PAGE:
Commit 1bb20c2b authored by Thomas Schmitt's avatar Thomas Schmitt

Took into respect that xorriso loads non-RR images

parent 91ad5bdb
......@@ -2,7 +2,7 @@
.\" First parameter, NAME, should be all caps
.\" Second parameter, SECTION, should be 1-8, maybe w/ subsection
.\" other parameters are allowed: see man(7), man(1)
.TH XORRISO 1 "Nov 11, 2008"
.TH XORRISO 1 "Nov 13, 2008"
.\" Please adjust this date whenever revising the manpage.
.\"
.\" Some roff macros, for reference:
......@@ -197,17 +197,16 @@ probably show any media as closed CD-ROM resp. DVD-ROM.
Overwriteable media assume this state in such read-only drives or if they
contain unrecognizable data in the first 32 data blocks.
.br
\fBRead-only\fR drives may or may not show session histories of multi-session
Read-only drives may or may not show session histories of multi-session
media. Often only the first and the last session are visible. Sometimes
not even that. Option -rom_toc_scan might or might not help in such cases.
.SS
.B Creating, Growing, Modifying, Blind Growing:
.br
A new empty ISO image gets \fBcreated\fR
if there is no input drive with a valid
ISO 9660 image plus Rock Ridge extensions when the first time an output drive
is defined. This is achieved by option -dev on blank media or by option -outdev
on media in any state.
if there is no input drive with a valid ISO 9660 image when the first time
an output drive is defined. This is achieved by option -dev on blank media
or by option -outdev on media in any state.
.br
The new empty image can be populated with directories and files.
Before it can be written, the media in the output drive must get into
......@@ -260,8 +259,7 @@ Input drive, i.e. source of an existing or empty ISO image, can be any random
access readable libburn drive: optical media with readable data,
blank optical media, regular files, block devices.
.br
Rock Ridge info must be present in existing ISO images and it will be generated
by the program unconditionally.
Rock Ridge info will be generated by the program unconditionally.
.PP
Output drive, i.e. target for writing, can be any libburn drive.
Some drive types do not support the method of growing but only the methods
......@@ -337,7 +335,7 @@ with ownership, access permissions, symbolic links, and other attributes.
.PP
This is what xorriso uses for a decent representation of the disk files
within the ISO image. Rock Ridge information is produced with any xorriso
image and xorriso will load for manipulation only Rock Ridge enhanced images.
image.
.PP
xorriso is not named "porriso" because POSIX only guarantees 14 characters
of filename length. It is the X/Open System Interface standard XSI which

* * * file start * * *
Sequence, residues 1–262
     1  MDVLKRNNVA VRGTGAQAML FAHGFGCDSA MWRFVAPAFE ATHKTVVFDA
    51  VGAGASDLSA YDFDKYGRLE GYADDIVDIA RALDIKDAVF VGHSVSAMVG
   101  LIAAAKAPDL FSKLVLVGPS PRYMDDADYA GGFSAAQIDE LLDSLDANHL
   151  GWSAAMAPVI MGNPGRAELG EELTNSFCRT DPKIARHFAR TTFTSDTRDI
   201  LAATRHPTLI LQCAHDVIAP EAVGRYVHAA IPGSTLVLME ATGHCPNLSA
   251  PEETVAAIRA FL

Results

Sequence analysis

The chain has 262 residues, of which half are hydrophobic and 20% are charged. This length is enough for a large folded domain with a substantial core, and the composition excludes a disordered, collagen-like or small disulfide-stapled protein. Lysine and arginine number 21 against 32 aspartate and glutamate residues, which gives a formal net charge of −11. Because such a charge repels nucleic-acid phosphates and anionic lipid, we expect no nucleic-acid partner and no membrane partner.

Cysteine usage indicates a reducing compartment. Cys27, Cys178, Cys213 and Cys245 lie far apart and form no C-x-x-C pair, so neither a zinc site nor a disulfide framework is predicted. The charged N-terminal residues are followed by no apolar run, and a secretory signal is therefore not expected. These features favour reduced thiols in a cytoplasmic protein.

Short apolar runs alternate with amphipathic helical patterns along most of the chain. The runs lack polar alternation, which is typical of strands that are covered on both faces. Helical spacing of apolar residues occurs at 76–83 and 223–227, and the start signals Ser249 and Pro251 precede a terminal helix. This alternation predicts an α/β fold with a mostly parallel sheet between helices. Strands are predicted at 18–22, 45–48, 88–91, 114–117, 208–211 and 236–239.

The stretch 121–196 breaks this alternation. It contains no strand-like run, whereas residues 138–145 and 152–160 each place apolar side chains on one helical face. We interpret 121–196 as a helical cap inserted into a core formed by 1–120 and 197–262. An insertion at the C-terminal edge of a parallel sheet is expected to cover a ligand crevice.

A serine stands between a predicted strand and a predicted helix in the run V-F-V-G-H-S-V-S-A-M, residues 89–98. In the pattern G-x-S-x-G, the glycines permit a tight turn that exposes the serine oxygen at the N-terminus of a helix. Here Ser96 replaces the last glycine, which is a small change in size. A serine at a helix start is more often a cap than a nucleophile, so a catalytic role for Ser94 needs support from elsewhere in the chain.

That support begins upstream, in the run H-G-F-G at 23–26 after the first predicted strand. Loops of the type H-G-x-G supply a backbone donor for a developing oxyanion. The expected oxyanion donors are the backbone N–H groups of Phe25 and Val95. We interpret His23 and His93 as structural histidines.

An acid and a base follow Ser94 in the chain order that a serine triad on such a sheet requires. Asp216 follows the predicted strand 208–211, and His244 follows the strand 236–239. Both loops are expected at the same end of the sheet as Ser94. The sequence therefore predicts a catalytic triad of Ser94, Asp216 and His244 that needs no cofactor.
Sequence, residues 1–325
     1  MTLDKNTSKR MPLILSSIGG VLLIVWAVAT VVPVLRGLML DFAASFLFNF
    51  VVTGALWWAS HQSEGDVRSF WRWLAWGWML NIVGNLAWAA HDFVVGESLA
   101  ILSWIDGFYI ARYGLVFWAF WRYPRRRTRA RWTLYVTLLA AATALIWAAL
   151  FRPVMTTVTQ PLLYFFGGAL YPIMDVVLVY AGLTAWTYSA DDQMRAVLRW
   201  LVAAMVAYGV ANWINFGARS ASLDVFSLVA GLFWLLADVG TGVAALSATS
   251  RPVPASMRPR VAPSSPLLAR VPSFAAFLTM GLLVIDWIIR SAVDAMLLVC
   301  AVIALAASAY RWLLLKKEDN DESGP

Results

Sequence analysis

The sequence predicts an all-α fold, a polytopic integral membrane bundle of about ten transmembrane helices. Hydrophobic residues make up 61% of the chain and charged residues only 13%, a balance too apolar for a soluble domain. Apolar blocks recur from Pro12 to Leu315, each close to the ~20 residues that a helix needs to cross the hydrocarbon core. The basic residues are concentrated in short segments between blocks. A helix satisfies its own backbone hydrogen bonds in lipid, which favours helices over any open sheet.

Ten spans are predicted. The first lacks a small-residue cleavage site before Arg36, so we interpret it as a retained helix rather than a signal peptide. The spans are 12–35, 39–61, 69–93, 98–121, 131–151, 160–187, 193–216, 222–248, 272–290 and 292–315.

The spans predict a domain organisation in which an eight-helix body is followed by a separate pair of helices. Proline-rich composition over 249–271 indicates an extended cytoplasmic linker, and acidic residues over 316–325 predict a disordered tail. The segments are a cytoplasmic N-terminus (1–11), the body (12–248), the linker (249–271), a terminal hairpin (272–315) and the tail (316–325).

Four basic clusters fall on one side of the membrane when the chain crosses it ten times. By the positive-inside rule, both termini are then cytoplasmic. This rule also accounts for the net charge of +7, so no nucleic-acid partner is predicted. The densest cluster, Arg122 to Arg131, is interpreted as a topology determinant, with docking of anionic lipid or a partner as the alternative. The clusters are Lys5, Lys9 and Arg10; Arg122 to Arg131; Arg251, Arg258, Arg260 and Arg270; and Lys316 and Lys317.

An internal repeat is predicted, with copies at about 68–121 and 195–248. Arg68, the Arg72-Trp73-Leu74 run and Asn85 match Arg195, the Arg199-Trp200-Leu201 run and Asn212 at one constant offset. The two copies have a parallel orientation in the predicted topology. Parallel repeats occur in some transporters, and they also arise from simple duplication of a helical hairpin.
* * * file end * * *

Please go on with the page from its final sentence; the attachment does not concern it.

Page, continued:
......@@ -1516,28 +1514,23 @@ on differently nationalized computers.
The meanings of byte codes are defined in \fBcharacter sets\fR which have
names. Shell command iconv -l lists them.
.br
Character sets should not matter as long as only alphanumeric characters are
used for file names or as long as the shell session which runs xorriso uses the
same character set as the one which wrote the loaded image and the same
character set as the computers which shall read the newly emerging ISO image.
Character sets should not matter as long as only english alphanumeric
characters are used for file names or as long as all writers and readers
of the media use the same character set.
Outside these constraints it may be necessary to let xorriso convert byte
codes.
.br
There is an input conversion from input character set to the local character
set which applies when an ISO image gets loaded. A conversion from local
character set to the output character set is performed when a new
character set to the output character set is performed when an
image tree gets written. The sets can be defined independently by options
-in_charset and -out_charset. Normally one will have both identical, if ever.
.br
If conversions are desired then it is necessary to know the name of the
If conversions are desired then xorriso needs to know the name of the
local character set. xorriso can inquire the same info as shell command
"locale" with argument "charmap". This may or may not be the correct name.
So one should check.
.br
A typical wrong answer would be "ANSI_X3.4-1968" if your shell session supports
non-US-ASCII characters.
It is outside the scope of xorriso how to find out the correct name in such
a case. The author of this text uses -local_charset "ISO-8859-1".
"locale" with argument "charmap". This may be influenced by environment
variables LC_ALL, LC_CTYPE, or LANG and should match the expectations of
the terminal.
.TP
\fB\-charset\fR character_set_name
Set the character set from which to convert file names when loading an
......@@ -1545,6 +1538,8 @@ image and to which to convert when writing an image.
.TP
\fB\-local_charset\fR character_set_name
Override the system assumption of the local character set name.
If this appears necessary, one should consider to set -backslash_codes to
"on" in order to avoid dangerous binary codes being sent to the terminal.
.TP
.B Exception processing:
.PP
......@@ -2597,9 +2592,9 @@ Now xorriso can burn an El Torito bootable media:
This example assumes that the existing ISO image was written with character
set ISO-8859-1 but that the readers expected UTF-8. Now a new session with
the same files gets added with converted file names.
In order to avoid any weaknesses of the local character set this command
In order to avoid any weaknesses of the local character set, this command
pretends that it uses already the final target set UTF-8.
Therefore strange file names may appear in eventual error messages which
Therefore strange file names may appear in eventual messages which
will be made terminal-safe by option -backslash_codes.
.br
\fB$\fR xorriso -in_charset ISO-8859-1 -local_charset UTF-8 \\
......
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